At this point, everyone from the expert level draftnik to the most casual Vikings fan has discussed the Vikings' No. 3 overall pick ad nauseam. But what about the team's nine other picks? What might a squad with numerous holes to fill do on Days 2-3 of this month's NFL draft? Access Vikings is taking a round-by-round look at the team's history in Rounds 2-7 since Rick Spielman began overseeing the draft preparation as director of player personnel in 2007. We'll also take a look at players Spielman, now the team's general manager, might select later this month.

[[[ See our previous breakdown: ROUND 2 ]]]
VIKINGS' PICK: 66th overall.
SINCE 2007: The Vikings have made only two third-round selections in the past five drafts. Instead, they have frequently used their third-round pick in high-profile trades. In 2008, for example, they traded two third-round picks plus a first- and sixth-rounder to Kansas City in exchange for Jared Allen and a sixth-round pick. Last year’s third-round pick went to New England in the ill-advised midseason 2010 trade that brought Randy Moss back to Minneapolis. In 2010, the Vikings’ also surrendered their third-round pick as part of a trade that allowed them to move up to draft Toby Gerhart in Round 2.
HITS: 0.
1, Marcus McAuley, CB, Fresno State, 72rd overall 2007: McAuley played 26 games in his first two seasons with the Vikings and started nine as a rookie in 2007. But the Vikings will admit they overvalued McAuley’s athleticism even when their evaluation of him on film didn’t register as overly impressive. After being cut by the Vikings’ at the end of the 2009 preseason, McAuley bounced all around over the next 12 months – from Detroit to Tampa to New Orleans to Washington to Indianapolis. But he never could breakthrough. His most recent football action came with the Sacramento Mountain Lions in the United Football League.
1, Asher Allen, CB, Georgia, 86th overall, 2009: Allen may never be a Pro Bowl-caliber corner and has only four interceptions in his first three seasons. But even as the rest of the secondary fell apart around him last season, Allen was one of the few players in the defensive backfield to show noticeable growth. By season’s end, head coach Leslie Frazier was impressed with Allen’s consistency and smarts and willingness to step up when forced into a heightened role. In 2012, if the Vikings can stay healthy in the secondary, Allen will likely settle back into a less demanding role that fits his skill set better.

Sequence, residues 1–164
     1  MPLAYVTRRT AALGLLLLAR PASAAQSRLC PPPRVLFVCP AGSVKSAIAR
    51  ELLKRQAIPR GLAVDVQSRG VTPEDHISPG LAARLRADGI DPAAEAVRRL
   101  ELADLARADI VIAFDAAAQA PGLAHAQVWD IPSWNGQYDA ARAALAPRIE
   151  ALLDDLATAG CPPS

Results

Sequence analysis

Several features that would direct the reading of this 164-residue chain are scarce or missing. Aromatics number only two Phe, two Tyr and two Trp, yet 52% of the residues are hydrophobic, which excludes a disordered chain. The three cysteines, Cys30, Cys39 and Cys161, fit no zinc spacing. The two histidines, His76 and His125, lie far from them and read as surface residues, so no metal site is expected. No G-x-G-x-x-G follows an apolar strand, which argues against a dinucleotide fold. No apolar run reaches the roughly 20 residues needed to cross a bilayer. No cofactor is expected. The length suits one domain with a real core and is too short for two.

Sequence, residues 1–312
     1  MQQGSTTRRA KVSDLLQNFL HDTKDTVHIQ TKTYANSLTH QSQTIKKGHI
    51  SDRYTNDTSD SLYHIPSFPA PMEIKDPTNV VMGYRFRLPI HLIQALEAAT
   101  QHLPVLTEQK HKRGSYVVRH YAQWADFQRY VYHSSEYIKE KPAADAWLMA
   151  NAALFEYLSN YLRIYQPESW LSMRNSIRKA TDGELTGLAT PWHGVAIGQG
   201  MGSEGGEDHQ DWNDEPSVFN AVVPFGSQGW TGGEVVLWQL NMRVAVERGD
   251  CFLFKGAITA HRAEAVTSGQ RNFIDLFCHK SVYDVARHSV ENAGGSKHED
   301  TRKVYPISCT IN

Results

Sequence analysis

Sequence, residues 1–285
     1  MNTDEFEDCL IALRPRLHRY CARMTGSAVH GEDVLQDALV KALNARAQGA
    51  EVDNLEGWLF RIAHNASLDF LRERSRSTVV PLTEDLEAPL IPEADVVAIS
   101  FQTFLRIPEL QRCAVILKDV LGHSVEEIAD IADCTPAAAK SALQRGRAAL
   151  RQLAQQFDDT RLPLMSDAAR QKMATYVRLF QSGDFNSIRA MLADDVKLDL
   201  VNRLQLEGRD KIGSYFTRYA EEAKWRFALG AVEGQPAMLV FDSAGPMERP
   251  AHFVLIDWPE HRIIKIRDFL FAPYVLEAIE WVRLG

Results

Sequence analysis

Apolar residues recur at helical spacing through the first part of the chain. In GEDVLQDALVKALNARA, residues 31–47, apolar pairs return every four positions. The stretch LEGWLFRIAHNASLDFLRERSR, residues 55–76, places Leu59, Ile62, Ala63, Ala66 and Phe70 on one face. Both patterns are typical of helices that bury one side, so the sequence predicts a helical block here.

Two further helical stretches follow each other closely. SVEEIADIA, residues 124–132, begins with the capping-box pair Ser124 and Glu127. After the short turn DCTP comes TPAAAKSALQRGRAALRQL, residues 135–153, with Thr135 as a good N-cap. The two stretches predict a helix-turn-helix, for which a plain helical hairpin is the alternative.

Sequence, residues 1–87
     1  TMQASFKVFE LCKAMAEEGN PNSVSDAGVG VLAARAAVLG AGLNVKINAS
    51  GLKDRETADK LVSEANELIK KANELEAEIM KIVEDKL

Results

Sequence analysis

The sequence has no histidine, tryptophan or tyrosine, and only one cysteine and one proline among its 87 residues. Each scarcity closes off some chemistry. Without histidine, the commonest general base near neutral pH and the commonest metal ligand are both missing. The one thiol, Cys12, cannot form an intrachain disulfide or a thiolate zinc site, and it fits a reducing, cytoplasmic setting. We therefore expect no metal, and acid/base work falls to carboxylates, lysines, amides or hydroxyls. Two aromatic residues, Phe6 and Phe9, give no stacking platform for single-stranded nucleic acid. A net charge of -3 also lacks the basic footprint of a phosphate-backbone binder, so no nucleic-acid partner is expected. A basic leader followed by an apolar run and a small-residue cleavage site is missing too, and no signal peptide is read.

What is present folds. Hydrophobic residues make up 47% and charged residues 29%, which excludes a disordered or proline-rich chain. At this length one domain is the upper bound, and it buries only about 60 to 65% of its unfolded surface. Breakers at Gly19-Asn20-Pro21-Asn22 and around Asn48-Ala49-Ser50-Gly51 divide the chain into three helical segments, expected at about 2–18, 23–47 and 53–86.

1, Trumaine Johnson, CB, Montana: This draft is full of talented corners who may be asked to convert and play safety in the NFL. Johnson fits that description. He was a two-time All-American playing for Montana in the Football Championship Subdivision. He has good size (6-2, 204 pounds), keen instincts and obvious confidence. If he can excel as a corner, Johnson sees himself as a Dominique Rodgers-Cromartie type. Yet if he’s asked to move to safety, he could flourish similarly to the way Malcolm Jenkins has with New Orleans.
2, A.J. Jenkins, WR, Illinois: Odds are good the Vikings will address their receiver needs in Round 2 if they don’t pounce on the opportunity to do so at the very top of the draft. But if they’re still searching for a vertical threat by the time pick No. 66 rolls around, Jenkins would be a fantastic get. Not only is he a fluid route runner with good hands, he also ran a 4.39-second 40-yard dash at the combine.
3, Brian Quick, WR, Appalachian State: The knock on Quick is that he is extremely raw. He was a basketball star in high school and one played one season of football. He then played his college ball in the Football Championship Subdivision. But Quick has incredible size. He’s 6-foot-4 and 220 pounds with long arms and big hands. Given his need to develop, Quick might be worth a roll of the dice for a young and rebuilding team that has a far sharper vision for the future than it has for the present.
4, Zach Brown, LB, North Carolina: The Vikings need depth at linebacker and Brown would be a steal early in the third round. His speed is his greatest strength and he also has stellar reactions and an ability to get to the ball.
5, Mike Martin, DT, Michigan: A three-year starter for the Wolverines, Martin combines impressive strength with impressive agility. He had a solid Senior Bowl week in January. Then Martin did 36 repetitions of 225 pounds on the bench press at the combine and added a 33.5-inch vertical leap and a time of 4.88 seconds in the 40-yard dash. Not bad for a guy weighing in at 306 pounds.